As much as America detests large women, they seem to worship fat guys. There are so many beloved fat men, half a dozen just named John—Goodman, Belushi, and Candy, for example. Fat guys are allowed to be powerful and even sexy, like Tony Soprano, who was both. If America were to carve Mount Rushmore over again, it would have to feature Peter Griffin and Homer Simpson. It should be a fat, blue collar, white slob on the face of the one dollar bill.
When it comes to women, it all seems couched in sex. Men seem to demand women meet standards of beauty that men are totally unwilling to meet themselves. Conventional wisdom implies that large women are less sexually desirable, unless you have a “fetish.” While the most unattractive, fat, and unemployed man still feels like he has a God-given right to nail the homecoming queen. Peter and Homer, Jackie Gleason and James Gandolfini are all fat guys with hot wives. Every love interest in a Kevin James movie is a supermodel, and few people find it odd, while large women who date thin men are the subject of endless commentary.
My friend, Telaina, is a larger lady who is married to a rather skinny marathon runner. One day, as she was changing at the gym, a thin woman sought her out to express disbelief that Telaina managed to land such a fit husband. It’s even more ugly and ironic that it happened just after a workout. Even when you are trying to get fit, you aren’t safe from cruelty.
The “normals” insist they’re just worried about our “health.” Let me point out that fat is not always indicative of health. Studies show there are some sickly skinny folks and some fit fat people. A person’s looks never tell the whole story.
At one time, fat was a symbol of virility and power, when people were often emaciated by scarcity and poverty. In those days, fat was sexy. Today’s constant hand wringing over fat is just another tired fad in the objectification of women. They have been told at every point in history that their worth is tied directly to sex appeal. And, the requirement is that women spend time and energy primping for men. It’s never about the feature itself, it’s all about changing up the criteria so that women can never stop striving for male attention.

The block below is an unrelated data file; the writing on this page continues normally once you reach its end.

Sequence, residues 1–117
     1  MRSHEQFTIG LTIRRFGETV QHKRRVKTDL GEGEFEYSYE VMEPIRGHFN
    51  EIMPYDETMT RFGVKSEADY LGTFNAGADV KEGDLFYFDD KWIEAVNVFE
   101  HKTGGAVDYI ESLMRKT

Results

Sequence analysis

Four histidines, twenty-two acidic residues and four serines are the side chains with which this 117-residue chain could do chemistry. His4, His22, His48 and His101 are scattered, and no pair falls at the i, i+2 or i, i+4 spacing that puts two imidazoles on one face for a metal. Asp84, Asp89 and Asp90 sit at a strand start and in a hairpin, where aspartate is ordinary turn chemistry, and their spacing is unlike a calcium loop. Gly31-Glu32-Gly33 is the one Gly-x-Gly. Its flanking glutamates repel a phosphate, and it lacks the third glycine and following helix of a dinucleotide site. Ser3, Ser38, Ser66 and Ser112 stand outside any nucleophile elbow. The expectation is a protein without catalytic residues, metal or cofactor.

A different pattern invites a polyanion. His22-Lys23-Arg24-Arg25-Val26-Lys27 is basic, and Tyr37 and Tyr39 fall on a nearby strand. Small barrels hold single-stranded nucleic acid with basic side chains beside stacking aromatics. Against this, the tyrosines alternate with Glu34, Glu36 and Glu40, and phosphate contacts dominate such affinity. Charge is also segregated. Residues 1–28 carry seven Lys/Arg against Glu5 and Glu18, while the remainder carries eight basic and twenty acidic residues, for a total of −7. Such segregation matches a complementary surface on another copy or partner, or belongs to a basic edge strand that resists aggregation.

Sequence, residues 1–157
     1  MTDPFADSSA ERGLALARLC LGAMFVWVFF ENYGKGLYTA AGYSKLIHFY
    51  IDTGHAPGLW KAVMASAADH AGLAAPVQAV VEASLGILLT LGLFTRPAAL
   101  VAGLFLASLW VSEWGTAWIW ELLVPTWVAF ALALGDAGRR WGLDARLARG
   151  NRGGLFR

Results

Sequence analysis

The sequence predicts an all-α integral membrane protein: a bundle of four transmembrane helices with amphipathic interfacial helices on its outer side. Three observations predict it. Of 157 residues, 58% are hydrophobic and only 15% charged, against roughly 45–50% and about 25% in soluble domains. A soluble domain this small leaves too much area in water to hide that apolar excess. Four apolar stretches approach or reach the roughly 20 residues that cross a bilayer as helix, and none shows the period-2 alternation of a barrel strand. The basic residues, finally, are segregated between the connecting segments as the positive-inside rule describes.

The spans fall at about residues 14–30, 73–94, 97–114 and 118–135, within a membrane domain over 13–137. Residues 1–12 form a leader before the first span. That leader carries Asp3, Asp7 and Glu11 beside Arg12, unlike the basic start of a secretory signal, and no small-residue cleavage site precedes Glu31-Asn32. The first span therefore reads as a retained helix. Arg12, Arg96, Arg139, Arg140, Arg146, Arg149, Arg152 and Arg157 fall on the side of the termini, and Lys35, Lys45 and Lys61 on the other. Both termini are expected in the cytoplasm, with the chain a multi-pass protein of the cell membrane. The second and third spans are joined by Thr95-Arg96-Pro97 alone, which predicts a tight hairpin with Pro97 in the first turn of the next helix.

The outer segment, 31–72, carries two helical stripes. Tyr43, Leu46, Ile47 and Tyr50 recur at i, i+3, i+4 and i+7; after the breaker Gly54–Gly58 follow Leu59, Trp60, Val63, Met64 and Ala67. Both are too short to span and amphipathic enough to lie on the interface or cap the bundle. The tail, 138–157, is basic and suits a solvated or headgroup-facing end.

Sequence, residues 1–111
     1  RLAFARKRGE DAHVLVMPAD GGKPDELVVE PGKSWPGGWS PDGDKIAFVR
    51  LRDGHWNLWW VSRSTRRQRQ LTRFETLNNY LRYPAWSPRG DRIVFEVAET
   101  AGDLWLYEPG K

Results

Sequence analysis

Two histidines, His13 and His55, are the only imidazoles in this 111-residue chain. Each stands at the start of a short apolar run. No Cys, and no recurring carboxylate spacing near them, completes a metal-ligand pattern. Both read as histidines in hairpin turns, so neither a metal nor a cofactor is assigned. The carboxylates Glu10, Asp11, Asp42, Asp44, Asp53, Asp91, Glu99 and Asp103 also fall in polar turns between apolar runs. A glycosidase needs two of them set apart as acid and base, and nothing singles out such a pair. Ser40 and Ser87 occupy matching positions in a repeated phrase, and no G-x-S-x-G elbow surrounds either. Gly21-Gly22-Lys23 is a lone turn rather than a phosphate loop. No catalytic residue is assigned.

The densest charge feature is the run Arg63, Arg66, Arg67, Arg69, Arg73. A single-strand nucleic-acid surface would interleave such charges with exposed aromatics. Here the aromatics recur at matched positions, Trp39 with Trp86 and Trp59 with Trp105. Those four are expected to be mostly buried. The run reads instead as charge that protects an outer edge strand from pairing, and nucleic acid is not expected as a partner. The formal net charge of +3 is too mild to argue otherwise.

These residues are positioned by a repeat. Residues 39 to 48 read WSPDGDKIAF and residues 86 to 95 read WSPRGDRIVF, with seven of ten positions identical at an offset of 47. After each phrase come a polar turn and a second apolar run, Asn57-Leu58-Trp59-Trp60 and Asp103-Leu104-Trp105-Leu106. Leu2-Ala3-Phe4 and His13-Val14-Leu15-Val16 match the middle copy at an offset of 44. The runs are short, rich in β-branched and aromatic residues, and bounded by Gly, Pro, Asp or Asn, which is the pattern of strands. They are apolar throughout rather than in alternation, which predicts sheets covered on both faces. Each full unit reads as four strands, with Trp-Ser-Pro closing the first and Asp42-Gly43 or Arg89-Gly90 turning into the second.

Some of the cruelest criticisms come from other women. I hate to give her any more attention, but Nicole Arbour has parlayed a willingness to be an asshole into some kind of Internet fame. Her biggest crime isn’t being mean, it’s that she lacks anything resembling thought or originality. I don’t mind a good insult or put down, but it has to be good, and her taunts are no better than schoolyard chants. Even sadder is that she’s obsessed with her own sex appeal. She puts down women (and all fat people), and at the same time harms the cause of women by flaunting her own appearance as her greatest, and perhaps only, asset.
I always cheer when I read about women pushing back in essays against this acceptable form of bigotry. I also think that large fellows like me have a duty to point out the disparity in treatment between fat men and women. It’s a crime how easy it is to lob insults at large women—and people in general. It’s a daily tragedy how hard some wonderful women have to work to just feel appreciated.
Edwin Lyngar graduated from Antioch University in 2010 with his MFA in creative writing and also holds an MA in Writing from the University of Nevada, Reno. His essays have appeared in Salon, Alternet, the Bellingham Review and others. Follow him on twitter @Edwin_Lyngar.